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Limba engleza – curs timpuri verbale

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Limba engleza – curs timpuri verbale

I. The present continuous

Form

The present continuous tense is formed with the present tense of the auxiliary verb be + the present participle:



Affirmative                  Negative                                             Interrogative

I am working          I am not working                                   am I working?

you are working                     you are not working               are you working?

he/she/it is working    he/she/it is not working                      is he/she/it working?

we are working                      we are not working                are we working?

you are working                      you are not working              are you working?

they are working                    they are not working              are they working?

Negative interrogative: am I not working? are you not working? is he not working? Contractions: the verb be can be contracted, so the present continuous of any verb can be contracted:

Affirmative                      Negative                                  Negative interrogative

I'm working                I'm not working                      aren't I working?

Note the irregular contraction aren't I? for am I not?

The spelling of the present participle

1.      When a verb ends in a single e, this e is dropped before ing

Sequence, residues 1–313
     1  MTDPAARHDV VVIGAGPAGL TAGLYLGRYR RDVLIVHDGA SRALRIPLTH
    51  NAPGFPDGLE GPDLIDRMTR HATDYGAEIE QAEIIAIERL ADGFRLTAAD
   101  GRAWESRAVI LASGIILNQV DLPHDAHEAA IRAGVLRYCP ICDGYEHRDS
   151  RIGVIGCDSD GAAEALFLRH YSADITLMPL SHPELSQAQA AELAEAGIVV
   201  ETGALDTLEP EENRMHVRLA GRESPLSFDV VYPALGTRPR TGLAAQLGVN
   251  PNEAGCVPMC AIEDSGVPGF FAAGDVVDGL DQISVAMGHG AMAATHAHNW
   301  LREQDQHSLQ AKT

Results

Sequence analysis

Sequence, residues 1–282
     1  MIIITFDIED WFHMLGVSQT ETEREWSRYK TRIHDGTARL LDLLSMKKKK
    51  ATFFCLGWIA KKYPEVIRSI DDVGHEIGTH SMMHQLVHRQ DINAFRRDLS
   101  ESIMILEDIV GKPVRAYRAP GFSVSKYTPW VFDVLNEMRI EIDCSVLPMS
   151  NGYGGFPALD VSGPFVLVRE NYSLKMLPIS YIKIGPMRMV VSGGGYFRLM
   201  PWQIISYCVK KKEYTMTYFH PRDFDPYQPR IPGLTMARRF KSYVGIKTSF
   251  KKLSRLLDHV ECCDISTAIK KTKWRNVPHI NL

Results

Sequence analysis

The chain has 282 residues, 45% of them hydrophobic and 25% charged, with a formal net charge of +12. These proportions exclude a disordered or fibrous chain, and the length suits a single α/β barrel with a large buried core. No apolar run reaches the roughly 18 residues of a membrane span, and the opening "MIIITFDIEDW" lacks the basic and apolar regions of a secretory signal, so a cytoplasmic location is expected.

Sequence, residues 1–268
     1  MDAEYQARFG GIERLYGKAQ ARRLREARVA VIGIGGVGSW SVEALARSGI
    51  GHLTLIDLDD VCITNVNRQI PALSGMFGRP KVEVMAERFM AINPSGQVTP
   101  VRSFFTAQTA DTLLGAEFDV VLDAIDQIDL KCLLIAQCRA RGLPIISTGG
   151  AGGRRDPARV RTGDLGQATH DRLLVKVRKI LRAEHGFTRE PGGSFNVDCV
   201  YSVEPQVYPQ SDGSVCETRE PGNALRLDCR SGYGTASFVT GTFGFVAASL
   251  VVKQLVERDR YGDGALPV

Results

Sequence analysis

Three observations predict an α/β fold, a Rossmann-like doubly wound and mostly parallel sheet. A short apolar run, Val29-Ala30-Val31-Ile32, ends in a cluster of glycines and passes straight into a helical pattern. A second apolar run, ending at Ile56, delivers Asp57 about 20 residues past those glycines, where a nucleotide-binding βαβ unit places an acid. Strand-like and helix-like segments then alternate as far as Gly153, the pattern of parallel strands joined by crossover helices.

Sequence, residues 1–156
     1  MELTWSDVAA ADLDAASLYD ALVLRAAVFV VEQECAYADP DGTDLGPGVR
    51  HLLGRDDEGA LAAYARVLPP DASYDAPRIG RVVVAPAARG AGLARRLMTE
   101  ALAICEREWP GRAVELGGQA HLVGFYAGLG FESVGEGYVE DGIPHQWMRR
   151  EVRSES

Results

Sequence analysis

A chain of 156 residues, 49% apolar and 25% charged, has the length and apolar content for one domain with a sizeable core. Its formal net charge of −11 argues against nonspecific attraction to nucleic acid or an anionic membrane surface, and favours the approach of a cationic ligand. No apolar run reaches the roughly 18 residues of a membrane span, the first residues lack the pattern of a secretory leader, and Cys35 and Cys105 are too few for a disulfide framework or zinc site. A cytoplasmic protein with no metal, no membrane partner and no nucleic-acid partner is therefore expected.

argue  arguing

hate  hating

love  loving

Exceptions :

age   ageing

dye   dyeing

singe   singeing

agree   agreeing

 see seeing

2. When a verb of one syllable has one vowel and ends in a single consonant, this consonant is doubled before ing:

hit   hitting

run    running

stop    stopping

3. Verbs of two or more syllables whose last syllable contains only one vowel and ends in a single consonant double this consonant if the stress falls on the last syllable:

admit    admitting

begin    beginning

prefer    preferring

4. Exceptions

budget    budgeting

enter   entering (stress not on the last syllable).

5. A final 1 after a single vowel is always doubled:

Signal    signalling

travel    travelling except in American English.

6. ing can be added to a verb ending in y without affecting the spelling of the verb:

carry   carrying

 enjoy    enjoying

hurry   hurrying

Uses of the present continuous tense

·        For an action happening now

It is raining.

I am not wearing a coat as it isn 't cold.

Why are you sitting at my desk?

·        For an action happening about this time but not necessarily at the moment of speaking:

I am reading a play by Shaw. (This may mean 'at the moment of speaking' but may also mean 'now' in a more general sense.)

He is teaching French and learning Greek. (He may not be doing either at the moment of speaking.)

·        When two continuous tenses having the same subject are joined by and, the auxiliary may be dropped before the second verb, as in the above example.

·        For a definite arrangement in the near future:

I'm meeting Peter tonight.

Are you doing anything tomorrow afternoon? ~ Yes, I'm playing tennis with Ann.

·        With a point in time to indicate an action which begins before this point and probably continues after it: